Over the years, there have been a lot of theories and accusations about O.J. Simpson's trial, in which he was found not guilty of the murders of Nicole Brown Simpson and Ronald Goldman. Many of them center on Johnnie Cochran's famous line from closing arguments about a bloody glove found at the crime scene: "If it doesn't fit, you must acquit" and the fact that the gloves didn't fit Simpson when he tried them on in court, as they appeared to be too small. One commentator in O.J.: Made in America offers an alleged explanation, as Simpson's former agent Mike Gilbert claims that he told Simpson to stop taking his arthritis medicine during the trial, which allegedly prevented Simpson from being able to bend his hands.
Simpson, who maintains his innocence in the murders of Brown Simpson and Goldman, has never confirmed whether or not he took his arthritis medication during the trial, but it has become a point of contention among others involved. During the actual trial, Simpson was accused of not taking his arthritis medicine by the prosecutors, as the Los Angeles Times reported that Chris Darden claimed the following in June 1995:
"Mr. Simpson has arthritis and we looked at the medication that he takes and some of it is anti-inflammatory. And we are told that he has not taken the stuff for a day, and it caused swelling in the joints and inflammation in his hands."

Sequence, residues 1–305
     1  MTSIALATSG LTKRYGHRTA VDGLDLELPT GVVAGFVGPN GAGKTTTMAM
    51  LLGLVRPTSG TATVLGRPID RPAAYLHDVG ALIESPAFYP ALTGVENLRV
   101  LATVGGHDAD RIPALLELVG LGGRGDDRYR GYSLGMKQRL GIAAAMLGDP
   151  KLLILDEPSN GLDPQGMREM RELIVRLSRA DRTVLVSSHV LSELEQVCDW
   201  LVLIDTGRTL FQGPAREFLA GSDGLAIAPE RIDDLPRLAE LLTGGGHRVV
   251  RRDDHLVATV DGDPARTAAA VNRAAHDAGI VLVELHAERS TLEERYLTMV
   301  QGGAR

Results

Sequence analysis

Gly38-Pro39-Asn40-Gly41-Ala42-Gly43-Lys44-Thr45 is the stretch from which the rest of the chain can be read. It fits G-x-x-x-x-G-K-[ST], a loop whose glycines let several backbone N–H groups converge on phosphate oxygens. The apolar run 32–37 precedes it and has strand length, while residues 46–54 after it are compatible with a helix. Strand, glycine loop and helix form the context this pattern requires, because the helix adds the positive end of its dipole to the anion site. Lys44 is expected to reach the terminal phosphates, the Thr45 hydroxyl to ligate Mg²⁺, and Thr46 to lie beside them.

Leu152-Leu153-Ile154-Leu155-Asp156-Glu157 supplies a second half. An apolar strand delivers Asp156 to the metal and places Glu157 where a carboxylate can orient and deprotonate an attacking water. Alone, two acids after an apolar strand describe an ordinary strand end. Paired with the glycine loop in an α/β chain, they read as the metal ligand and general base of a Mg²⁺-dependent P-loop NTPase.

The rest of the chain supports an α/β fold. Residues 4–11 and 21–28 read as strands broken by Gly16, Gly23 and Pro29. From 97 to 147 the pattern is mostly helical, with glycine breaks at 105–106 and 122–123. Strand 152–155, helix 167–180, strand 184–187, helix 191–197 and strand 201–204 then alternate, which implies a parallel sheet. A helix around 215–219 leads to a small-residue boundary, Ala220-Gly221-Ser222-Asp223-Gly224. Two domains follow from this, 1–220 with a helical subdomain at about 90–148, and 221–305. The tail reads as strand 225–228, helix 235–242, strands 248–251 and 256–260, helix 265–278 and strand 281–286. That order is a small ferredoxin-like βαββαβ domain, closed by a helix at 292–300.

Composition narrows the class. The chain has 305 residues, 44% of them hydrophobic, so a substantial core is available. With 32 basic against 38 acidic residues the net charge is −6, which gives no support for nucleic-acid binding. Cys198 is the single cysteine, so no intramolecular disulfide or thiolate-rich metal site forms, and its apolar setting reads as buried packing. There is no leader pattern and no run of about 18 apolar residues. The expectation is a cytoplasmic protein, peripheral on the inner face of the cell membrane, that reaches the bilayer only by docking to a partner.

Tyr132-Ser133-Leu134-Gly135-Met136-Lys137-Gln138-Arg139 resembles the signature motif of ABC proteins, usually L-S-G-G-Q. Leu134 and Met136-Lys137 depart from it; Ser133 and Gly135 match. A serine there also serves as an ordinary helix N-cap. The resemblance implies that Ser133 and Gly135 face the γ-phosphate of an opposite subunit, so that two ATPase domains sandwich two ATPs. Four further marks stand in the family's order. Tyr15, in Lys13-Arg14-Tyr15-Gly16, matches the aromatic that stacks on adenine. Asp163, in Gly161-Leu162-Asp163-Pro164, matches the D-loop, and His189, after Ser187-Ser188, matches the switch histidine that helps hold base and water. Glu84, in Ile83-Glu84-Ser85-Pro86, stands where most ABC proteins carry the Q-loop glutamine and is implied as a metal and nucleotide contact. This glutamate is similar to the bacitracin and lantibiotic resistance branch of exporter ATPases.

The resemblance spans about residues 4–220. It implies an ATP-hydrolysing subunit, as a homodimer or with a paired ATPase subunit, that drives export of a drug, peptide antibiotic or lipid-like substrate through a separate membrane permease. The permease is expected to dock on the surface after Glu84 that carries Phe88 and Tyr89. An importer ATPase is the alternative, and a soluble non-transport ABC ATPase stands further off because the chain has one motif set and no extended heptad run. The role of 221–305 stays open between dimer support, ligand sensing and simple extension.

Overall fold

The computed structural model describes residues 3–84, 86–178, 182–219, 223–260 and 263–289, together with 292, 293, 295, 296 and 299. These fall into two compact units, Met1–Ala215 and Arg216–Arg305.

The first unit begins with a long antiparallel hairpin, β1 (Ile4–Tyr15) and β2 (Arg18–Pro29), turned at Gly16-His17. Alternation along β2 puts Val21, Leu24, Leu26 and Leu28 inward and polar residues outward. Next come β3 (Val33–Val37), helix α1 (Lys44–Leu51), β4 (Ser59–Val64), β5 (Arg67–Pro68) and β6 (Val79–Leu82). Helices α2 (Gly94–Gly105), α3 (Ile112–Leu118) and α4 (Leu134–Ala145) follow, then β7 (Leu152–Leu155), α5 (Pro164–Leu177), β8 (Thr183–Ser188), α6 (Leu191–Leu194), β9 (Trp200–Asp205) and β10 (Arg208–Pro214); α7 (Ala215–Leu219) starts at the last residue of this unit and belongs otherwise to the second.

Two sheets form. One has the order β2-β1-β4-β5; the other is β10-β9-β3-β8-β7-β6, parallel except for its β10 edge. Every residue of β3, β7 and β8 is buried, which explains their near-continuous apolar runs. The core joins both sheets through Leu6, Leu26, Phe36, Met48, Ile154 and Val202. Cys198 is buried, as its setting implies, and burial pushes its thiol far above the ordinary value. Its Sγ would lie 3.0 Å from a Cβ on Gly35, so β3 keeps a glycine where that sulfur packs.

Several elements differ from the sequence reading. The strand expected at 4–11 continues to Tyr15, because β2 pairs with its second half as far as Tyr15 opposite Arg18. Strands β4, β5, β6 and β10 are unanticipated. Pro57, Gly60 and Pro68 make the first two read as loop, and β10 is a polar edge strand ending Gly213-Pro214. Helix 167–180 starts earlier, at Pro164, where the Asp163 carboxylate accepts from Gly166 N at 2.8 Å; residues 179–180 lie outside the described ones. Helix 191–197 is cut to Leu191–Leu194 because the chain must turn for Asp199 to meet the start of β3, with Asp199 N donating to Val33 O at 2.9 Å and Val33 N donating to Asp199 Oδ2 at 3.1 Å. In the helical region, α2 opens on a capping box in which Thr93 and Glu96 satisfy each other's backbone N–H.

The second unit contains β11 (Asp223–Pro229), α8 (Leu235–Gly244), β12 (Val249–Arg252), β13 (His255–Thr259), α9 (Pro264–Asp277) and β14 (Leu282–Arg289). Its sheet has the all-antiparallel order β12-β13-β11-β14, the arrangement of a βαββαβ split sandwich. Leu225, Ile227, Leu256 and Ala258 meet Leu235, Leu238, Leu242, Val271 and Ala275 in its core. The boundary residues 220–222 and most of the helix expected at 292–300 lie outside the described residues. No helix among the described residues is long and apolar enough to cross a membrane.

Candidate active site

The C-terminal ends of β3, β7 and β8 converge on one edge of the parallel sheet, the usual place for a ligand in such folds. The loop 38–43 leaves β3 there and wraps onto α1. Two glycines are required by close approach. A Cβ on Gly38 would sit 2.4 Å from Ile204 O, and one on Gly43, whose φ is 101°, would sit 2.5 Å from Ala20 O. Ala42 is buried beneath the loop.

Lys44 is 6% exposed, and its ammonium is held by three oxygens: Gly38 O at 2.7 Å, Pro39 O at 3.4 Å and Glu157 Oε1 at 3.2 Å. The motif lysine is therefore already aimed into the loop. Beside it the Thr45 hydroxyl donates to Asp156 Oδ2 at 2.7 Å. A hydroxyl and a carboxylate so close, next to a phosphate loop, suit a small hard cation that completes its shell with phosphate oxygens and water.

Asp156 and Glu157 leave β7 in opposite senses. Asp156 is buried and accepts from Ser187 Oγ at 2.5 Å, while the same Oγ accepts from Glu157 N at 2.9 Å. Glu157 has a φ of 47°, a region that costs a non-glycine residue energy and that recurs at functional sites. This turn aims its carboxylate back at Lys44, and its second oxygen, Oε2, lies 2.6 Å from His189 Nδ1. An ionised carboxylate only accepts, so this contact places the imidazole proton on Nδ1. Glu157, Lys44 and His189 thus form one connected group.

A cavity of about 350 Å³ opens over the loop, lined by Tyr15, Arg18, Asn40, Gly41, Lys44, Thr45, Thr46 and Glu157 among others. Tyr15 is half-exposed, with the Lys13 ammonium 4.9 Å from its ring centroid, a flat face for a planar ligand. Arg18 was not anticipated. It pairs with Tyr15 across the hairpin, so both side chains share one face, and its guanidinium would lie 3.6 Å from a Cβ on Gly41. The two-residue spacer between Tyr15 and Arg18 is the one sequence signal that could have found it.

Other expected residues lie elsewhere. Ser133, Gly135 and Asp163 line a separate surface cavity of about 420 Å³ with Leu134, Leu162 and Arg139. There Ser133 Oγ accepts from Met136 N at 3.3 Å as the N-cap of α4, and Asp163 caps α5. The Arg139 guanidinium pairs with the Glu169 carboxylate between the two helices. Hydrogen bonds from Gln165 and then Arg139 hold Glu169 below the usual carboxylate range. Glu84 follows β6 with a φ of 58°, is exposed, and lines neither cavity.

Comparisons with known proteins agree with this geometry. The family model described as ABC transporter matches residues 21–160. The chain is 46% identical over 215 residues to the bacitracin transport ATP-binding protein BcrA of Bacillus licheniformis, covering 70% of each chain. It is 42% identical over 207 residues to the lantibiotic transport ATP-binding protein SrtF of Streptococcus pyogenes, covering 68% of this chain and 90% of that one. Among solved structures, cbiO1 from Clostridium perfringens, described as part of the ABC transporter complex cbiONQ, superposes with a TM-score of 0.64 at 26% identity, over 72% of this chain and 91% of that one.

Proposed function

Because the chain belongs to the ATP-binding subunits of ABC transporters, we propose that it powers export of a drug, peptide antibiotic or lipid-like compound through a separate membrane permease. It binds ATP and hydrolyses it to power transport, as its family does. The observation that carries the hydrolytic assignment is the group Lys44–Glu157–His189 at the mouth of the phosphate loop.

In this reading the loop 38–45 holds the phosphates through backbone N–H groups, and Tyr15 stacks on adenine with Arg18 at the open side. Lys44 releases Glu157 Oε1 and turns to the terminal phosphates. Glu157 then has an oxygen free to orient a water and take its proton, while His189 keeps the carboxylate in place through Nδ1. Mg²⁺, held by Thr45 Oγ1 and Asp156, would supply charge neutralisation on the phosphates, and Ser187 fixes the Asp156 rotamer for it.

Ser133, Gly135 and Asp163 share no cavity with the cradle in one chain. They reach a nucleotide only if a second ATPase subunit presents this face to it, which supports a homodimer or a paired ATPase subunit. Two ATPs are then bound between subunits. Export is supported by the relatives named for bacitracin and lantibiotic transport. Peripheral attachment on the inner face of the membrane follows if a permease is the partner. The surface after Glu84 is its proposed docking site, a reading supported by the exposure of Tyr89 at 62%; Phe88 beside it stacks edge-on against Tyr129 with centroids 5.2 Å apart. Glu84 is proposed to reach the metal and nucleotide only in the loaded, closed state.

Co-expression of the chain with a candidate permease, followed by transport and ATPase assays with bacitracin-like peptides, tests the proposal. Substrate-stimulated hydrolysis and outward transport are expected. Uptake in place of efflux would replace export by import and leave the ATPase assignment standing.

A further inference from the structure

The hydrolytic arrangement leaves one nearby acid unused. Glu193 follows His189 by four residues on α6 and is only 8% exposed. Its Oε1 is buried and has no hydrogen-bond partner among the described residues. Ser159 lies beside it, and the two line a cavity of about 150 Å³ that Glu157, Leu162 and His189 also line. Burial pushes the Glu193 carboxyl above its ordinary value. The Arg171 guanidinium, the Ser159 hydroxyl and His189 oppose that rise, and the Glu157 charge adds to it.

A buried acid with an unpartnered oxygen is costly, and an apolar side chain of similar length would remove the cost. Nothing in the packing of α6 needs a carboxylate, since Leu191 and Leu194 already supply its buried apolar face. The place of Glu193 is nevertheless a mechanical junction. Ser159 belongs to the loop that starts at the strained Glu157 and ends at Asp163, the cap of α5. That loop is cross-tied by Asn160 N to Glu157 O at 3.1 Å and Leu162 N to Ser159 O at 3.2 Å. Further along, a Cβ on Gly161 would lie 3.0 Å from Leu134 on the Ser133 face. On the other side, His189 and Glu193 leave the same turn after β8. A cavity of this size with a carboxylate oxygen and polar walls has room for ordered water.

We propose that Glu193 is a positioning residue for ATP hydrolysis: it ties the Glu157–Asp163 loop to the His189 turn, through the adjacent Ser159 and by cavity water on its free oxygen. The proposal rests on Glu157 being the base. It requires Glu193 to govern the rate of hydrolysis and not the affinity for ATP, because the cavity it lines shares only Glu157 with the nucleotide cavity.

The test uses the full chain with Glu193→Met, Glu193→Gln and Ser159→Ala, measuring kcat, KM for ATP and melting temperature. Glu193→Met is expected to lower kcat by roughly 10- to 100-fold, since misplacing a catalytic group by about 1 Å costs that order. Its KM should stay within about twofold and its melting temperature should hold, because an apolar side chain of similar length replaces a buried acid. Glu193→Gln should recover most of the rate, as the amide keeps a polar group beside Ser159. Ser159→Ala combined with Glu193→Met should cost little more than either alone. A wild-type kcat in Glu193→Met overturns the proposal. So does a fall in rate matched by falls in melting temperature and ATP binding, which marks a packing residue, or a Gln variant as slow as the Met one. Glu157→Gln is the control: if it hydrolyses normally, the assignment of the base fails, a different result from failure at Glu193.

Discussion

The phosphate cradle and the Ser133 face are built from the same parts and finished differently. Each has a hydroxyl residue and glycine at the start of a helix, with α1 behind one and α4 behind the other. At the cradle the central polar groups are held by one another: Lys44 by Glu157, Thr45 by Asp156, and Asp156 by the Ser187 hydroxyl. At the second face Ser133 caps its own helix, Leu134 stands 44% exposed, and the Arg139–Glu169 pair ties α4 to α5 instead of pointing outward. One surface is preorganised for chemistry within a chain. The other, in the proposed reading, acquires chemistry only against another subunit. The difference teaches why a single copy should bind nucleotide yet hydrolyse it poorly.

But former District Attorney Gil Garcetti told the Chicago Tribune that he didn't even know about Simpson's arthritis until he saw O.J.: Made in America. And the Los Angeles Times pointed out that while Cochran called prosecutors "paranoid" in response to these claims, he did not directly deny the accusation. Rheumatologist Dr. Ernest Brahn also told the newspaper, "The kind of joint deformities that we see in rheumatoid arthritis can impact on whether a glove might fit ... But many of the drugs that we administer take weeks or months to achieve their anti-inflammatory effect."
There is also a report of another member of the defense team commenting on the allegation that Simpson did not take his medication. Lawrence Shiller, who wrote the book American Tragedy: The Uncensored Story of the O.J. Simpson Defense, claimed to ABC News that according to Robert Kardashian, Simpson had stopped taking his arthritis medication one month before the glove demonstration. Shiller did not have a direct quote or taped statement from Kardashian and also said to ABC News, "Nobody knows whether it made his hands a little bigger or not."
Arthritis medication, or an alleged lack thereof, is still not the only potential reason the gloves did not fit Simpson. As Marcia Clark said to the Daily Mail, "I never expected anything good to come of it," since the gloves had been frozen and unfrozen multiple times, tested for evidence, and had to be worn on top of a second pair of latex gloves. The fact that theories about why the gloves didn't fit Simpson are still being discussed 20 years after he was found not guilty shows just how fascinated the American public is with his trial.